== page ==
The HTC One M7 was launched to pretty good reviews and the handset has positive opinions gathered in a corner with a few complaints about overheating issues. The Moto X on the other hand is a newer flagship released this Fall by Motorola which offers great bang for buck and near-stock Android. Out of these two handset, the HTC One M7 is one of those devices that marks the spot of a good idea, front facing speakers and a metal unibody.
The HTC One M7 is not exactly the top-notch high-end device you would call a flagship today, but last year it definitely was among the best phones out there. It remains a great example of combining design and utility, even though the large bezels might be bothersome to some people. HTC attempted to create a phone with a metal unibody and the end result came out looking great in my opinion. I honestly prefer the HTC One M7 design over the One M8 one, because I like my phones matte and simple. That doesn’t mean that the One M8 didn’t improve sensibly over its predecessor.
The main issue many owners of the One M7 is overheating, which could be explained away as the inability of the hot air created by the processing phone to disperse within the handset correctly and thus heating up certain parts of the phone. Some users reported the HTC One M7 overheating problem as being actually painful, but they might just be babies when it comes to pain. Alas, it is a drawback that the phone has these issues, but subsequent updates should fix the issue. We’re sure that the Android 5.0 Lollipop build that should complete its rollout soon to the One M7 will resolve most of the issues. Report back if you’ve different experiences.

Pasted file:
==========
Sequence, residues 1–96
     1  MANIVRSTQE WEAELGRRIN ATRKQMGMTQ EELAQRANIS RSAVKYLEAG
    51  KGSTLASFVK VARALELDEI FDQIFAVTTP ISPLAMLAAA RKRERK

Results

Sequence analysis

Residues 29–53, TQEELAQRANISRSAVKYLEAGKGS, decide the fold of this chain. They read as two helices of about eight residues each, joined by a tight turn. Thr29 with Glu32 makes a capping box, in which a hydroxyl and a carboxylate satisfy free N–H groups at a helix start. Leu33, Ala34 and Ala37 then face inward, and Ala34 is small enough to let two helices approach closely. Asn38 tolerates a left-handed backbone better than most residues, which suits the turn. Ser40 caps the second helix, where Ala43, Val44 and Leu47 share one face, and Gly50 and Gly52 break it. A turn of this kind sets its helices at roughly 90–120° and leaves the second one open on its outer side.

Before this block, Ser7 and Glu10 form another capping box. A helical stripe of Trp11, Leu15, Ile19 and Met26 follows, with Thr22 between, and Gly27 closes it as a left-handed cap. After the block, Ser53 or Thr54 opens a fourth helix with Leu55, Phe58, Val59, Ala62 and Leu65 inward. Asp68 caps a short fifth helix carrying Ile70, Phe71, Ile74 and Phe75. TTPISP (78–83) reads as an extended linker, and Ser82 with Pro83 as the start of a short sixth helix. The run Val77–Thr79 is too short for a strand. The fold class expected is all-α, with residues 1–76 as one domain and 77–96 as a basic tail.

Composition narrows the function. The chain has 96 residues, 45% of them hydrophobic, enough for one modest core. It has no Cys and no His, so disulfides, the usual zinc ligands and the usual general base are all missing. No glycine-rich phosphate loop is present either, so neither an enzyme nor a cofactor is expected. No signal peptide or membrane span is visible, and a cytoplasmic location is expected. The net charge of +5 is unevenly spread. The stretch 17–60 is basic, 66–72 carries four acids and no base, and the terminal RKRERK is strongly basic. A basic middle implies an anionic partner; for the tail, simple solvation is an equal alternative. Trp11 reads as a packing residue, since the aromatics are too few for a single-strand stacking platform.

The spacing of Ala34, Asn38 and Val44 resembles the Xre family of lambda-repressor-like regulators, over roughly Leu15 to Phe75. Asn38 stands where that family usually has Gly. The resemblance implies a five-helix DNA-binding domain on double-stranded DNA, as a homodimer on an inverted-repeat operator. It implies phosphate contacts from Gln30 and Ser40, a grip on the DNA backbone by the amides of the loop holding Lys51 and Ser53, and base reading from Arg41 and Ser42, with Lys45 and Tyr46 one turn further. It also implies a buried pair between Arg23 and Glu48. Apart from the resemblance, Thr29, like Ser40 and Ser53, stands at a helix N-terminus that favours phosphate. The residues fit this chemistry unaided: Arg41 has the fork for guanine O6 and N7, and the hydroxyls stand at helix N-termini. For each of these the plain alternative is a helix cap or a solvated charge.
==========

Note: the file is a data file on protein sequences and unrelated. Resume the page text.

The Motorola Moto X 2014 is a pretty popular phone and has been one since its initial unveiling at IFA Berlin 2014. I like unconventional phones so I love how Moto Maker lets you choose from various back panels before buying the phone. You can now get a Limited Edition football leather back panel made of authentic Horween football leather! While that isn’t worth the extra $25 in my mind, I know quite a few people who would love to have leather on their phones. Regardless of this neat feature, the Moto X is designed with a metal frame and polycarbonate, leather or wood back panel. It’s a pretty ergonomic phone which is most famous for its affordable price.
The Motorola Moto X will set you back around $500, the cheapest I’ve found costing $400, but if you want to save some cash, you can opt for a used or refurbished one. While the price still isn’t mind-bogglingly low, it still is a pretty decent amount that one would pay for a flagship on a spree. I would have to save up a bit if I would want to get the Galaxy Note 4 for example, but if I had to soothe my thirst for new electronics, I would definitely go for the Moto X, especially for a refurbished one which U saw going for $200. I won’t advise contracts, but they are an option, too. The HTC One M7 price isn’t over the roof either, and it’s actually a cheaper option that the Moto X. The lowest price I’ve seen for the One M7 is $200, completely new. That’s a steal, too, but considering the fact that it is last year’s flagship and its specs could be better, it’s an appropriate price.
Since we started talking about specs, let’s what the HTC One M7 and Moto X 2014 have under the hood. First off, the One M7 boasts a 4.7 inch Super LCD3 display with a 1080*1920 resolution amounting to 469 ppi pixel density. While that display is small, it certainly packs quite the punch with bright color and sharpness. It does suffer a bit when it comes to viewing angles, though. The Moto X 2014 display is bigger, measuring 5.2 inches. It comes as an AMOLED panel and has the same 1080*1920 resolution with a smaller 424 ppi pixel density. If you put these displays side to side, the HTC One M7 will seem just a bit crisper.